As @DanBron said in a comment, the term bikeshedding is often used for this sort of phenomenon. The term arises from an example C. Northcote Parkinson used in his 1957 book Parkinson's Law: Or, the Pursuit of Progress to illustrate his Law of Triviality. The law states that members of an organisation give disproportionate weight to trivial issues.
Parkinson uses the example of a fictional "Joint Welfare Committee" that approves £10 million for a proposed nuclear power plant in 10 minutes flat, then spends 45 minutes arguing over a £350 bike shed. The design and workings of the power plant are far too complicated for the committee members to have any actual understanding of them, let alone the expertise to discuss them intelligently. So they rubber-stamp the proposal without considering whether the money is well-spent or the plant properly designed. But the bike shed for plant employees is something they can understand and opine about, so they spend a lot of time arguing over its location, color, construction, etc. A detailed discussion of Parkinson's example is here.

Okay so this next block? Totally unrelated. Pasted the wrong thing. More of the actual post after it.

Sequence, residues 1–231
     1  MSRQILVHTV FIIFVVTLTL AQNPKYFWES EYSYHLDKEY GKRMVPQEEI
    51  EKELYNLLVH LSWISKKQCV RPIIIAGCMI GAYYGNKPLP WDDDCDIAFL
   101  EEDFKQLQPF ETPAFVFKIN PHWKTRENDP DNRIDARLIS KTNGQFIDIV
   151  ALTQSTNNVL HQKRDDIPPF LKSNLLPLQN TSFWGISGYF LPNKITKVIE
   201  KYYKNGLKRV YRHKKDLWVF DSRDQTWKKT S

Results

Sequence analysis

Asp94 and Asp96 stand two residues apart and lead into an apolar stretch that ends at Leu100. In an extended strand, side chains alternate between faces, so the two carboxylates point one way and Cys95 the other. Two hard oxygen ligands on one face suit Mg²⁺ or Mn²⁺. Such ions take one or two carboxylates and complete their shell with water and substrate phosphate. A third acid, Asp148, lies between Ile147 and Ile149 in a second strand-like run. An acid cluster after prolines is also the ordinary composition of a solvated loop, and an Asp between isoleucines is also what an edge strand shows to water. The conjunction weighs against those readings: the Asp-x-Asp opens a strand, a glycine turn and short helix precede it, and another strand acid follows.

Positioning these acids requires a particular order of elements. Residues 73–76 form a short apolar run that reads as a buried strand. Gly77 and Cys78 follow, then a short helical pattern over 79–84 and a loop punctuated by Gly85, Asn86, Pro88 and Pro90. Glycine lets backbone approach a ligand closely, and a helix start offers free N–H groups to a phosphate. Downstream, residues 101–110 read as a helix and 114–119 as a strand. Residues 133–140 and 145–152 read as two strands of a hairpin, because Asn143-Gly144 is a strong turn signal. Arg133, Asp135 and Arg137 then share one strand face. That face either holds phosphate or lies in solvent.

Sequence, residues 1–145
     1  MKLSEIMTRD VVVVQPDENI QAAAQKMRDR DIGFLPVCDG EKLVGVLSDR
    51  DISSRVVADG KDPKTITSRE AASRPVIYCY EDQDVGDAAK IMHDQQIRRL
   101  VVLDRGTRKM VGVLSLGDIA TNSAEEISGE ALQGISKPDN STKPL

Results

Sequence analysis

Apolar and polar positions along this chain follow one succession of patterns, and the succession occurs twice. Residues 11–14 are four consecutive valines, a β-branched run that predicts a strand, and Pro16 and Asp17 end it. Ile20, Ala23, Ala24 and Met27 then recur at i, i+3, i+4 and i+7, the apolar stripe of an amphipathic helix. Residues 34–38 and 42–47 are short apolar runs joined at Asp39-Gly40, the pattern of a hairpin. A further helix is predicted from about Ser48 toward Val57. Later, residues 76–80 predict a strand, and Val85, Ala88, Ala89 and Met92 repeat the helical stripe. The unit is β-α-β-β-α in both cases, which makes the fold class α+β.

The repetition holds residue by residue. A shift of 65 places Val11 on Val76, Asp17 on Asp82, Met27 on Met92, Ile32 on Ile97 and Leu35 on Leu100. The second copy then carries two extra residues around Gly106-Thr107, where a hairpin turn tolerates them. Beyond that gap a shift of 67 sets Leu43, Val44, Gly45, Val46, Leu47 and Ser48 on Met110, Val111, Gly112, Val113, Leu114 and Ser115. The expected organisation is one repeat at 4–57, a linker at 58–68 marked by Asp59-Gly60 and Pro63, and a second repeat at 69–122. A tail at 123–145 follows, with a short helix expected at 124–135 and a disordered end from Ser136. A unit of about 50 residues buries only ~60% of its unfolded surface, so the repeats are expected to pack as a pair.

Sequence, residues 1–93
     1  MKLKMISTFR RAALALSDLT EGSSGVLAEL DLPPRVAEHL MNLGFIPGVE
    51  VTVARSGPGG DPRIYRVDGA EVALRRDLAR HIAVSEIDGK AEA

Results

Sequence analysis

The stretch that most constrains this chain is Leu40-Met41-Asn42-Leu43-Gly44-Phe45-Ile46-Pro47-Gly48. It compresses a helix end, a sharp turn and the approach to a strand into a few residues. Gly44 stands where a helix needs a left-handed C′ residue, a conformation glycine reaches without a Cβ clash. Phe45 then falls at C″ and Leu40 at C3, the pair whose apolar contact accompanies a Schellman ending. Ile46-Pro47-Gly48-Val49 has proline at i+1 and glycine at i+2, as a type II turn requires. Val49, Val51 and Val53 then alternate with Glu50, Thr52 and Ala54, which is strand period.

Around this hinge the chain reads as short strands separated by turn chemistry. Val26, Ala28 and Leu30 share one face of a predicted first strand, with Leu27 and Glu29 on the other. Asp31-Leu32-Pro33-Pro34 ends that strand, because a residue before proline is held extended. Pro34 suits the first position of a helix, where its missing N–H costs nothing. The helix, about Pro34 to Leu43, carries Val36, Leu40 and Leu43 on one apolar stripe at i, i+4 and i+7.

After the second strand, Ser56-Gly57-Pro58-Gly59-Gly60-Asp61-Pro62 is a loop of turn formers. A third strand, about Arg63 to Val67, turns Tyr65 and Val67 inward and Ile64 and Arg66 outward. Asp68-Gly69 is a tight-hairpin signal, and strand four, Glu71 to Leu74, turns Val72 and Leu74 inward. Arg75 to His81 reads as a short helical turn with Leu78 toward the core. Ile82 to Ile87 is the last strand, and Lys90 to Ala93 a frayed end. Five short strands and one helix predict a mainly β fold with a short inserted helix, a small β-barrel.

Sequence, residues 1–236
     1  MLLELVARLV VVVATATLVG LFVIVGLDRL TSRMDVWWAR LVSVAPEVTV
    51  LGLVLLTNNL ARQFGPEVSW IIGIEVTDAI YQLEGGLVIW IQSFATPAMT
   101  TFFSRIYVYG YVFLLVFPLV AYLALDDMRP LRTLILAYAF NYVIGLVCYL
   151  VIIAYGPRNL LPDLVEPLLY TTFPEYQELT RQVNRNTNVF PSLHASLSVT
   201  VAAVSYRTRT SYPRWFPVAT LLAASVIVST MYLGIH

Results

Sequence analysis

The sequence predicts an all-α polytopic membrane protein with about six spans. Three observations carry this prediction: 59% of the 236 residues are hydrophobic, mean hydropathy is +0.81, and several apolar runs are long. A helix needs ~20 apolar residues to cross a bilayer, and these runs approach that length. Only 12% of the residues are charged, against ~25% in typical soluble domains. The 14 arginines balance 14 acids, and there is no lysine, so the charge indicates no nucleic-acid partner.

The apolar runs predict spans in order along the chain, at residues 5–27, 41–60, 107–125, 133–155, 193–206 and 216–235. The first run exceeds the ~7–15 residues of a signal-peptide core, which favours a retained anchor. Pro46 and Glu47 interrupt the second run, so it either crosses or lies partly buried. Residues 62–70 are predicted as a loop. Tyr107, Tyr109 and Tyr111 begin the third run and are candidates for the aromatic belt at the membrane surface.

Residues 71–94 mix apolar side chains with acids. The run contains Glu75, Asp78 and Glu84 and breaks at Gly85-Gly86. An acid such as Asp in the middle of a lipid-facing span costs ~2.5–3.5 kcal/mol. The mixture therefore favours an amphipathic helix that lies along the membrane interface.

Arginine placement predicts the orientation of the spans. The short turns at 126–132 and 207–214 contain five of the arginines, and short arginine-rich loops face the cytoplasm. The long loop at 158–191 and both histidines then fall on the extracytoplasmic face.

Based on Parkinson's example, Poul-Henning Kamp of the BSD community coined the term bikeshedding to describe the phenomenon whereby the amount of discussion generated by a given topic is inversely proportional to its importance. The term has gone on to become widely used, especially in tech.